Methotrexate in paediatric ulcerative colitis: a retrospective survey at a single tertiary referral centre
Version of Record online: 16 AUG 2010
© 2010 Blackwell Publishing Ltd
Alimentary Pharmacology & Therapeutics
Volume 32, Issue 8, pages 1017–1022, October 2010
How to Cite
Aloi, M., Di Nardo, G., Conte, F., Mazzeo, L., Cavallari, N., Nuti, F., Cucchiara, S. and Stronati, L. (2010), Methotrexate in paediatric ulcerative colitis: a retrospective survey at a single tertiary referral centre. Alimentary Pharmacology & Therapeutics, 32: 1017–1022. doi: 10.1111/j.1365-2036.2010.04433.x
- Issue online: 26 SEP 2010
- Version of Record online: 16 AUG 2010
- Publication data Submitted 18 April 2010 First decision 8 May 2010 Resubmitted 22 July 2010 Accepted 25 July 2010
Aliment Pharmacol Ther 2010; 32: 1017–1022
Background Patients with ulcerative colitis often receive thiopurines as immunomodulators (IMs) to maintain remission and avoid corticosteroids. If unresponsive or intolerant to these agents, patients are treated with methotrexate, an antimetabolite never assessed in paediatric ulcerative colitis.
Aim To describe the experience with methotrexate in children with ulcerative colitis.
Methods Thirty-two patients (median age 13.9 years) received methotrexate. Pediatric Ulcerative Colitis Activity Index (PUCAI) and use of corticosteroids were the main outcomes evaluated at baseline and at 3, 6 and 12 months.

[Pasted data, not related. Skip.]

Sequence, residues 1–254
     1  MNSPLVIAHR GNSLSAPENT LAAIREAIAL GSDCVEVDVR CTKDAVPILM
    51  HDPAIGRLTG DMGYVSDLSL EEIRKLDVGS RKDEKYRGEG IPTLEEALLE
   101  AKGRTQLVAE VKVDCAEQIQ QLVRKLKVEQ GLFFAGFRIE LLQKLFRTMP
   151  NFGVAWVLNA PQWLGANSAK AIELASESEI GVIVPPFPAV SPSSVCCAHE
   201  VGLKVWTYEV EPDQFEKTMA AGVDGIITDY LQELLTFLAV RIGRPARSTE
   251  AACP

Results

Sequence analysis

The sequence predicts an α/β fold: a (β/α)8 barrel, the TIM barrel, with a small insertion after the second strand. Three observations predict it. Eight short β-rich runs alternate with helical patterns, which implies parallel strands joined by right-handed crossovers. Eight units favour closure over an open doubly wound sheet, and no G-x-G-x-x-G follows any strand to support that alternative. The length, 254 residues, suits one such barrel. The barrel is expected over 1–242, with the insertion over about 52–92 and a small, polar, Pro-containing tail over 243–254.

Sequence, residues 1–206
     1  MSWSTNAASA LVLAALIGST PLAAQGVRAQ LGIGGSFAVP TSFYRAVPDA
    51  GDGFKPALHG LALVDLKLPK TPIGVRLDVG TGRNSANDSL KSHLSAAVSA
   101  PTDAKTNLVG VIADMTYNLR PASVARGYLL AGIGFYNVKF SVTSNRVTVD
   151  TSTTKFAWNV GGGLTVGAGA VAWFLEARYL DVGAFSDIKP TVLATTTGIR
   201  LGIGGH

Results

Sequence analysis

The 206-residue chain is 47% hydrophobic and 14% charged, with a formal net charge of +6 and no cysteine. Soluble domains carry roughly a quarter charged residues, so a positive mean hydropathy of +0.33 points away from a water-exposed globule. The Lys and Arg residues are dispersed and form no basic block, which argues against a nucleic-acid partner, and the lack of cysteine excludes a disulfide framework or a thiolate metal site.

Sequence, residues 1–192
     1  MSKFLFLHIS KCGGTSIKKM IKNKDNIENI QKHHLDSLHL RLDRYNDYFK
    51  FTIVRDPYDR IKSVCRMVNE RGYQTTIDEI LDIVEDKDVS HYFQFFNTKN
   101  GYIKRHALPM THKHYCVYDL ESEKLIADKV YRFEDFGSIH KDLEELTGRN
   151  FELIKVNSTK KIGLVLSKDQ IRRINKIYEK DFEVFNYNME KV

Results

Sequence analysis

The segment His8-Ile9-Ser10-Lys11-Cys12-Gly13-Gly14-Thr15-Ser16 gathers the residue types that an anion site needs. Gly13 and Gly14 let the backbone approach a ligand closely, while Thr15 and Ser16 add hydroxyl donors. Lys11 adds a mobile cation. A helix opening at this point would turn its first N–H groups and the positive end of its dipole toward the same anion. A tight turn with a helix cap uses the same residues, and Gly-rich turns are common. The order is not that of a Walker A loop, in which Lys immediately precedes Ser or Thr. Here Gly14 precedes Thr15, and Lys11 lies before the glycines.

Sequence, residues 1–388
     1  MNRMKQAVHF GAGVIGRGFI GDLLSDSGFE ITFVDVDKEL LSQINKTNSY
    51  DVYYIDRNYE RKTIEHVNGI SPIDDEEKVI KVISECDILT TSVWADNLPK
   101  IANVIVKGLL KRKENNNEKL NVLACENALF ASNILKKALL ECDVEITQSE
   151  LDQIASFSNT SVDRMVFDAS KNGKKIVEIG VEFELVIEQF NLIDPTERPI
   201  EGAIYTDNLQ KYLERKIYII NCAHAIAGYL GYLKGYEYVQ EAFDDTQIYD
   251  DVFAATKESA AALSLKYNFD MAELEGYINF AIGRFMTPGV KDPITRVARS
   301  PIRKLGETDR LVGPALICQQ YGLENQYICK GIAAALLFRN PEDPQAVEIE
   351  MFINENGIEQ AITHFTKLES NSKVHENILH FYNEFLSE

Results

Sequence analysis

Results Indications to methotrexate were azathioprine unresponsiveness in 18 patients, azathioprine intolerance/toxicity in 10 and spondyloarthropathy in four. Response or remission was achieved in 72%, 63% and 50% of patients at 3, 6 and 12 months respectively. Mean PUCAI were 49.5 ± 23.3 at baseline and 32.9 ± 21.9, 29.5 ± 21.8 and 29.4 ± 19.9 at 3, 6 and 12 months respectively (P: 0.03). At the beginning of methotrexate, 16 patients (50%) received corticosteroids that were discontinued in 13 of them (81%) by 6 months. At the end of the study, 11 patients (33%) needed short courses of corticosteroids for disease relapse.
Conclusions Methotrexate may be useful in treating children with ulcerative colitis, although large, controlled trials are warranted to define better its effectiveness.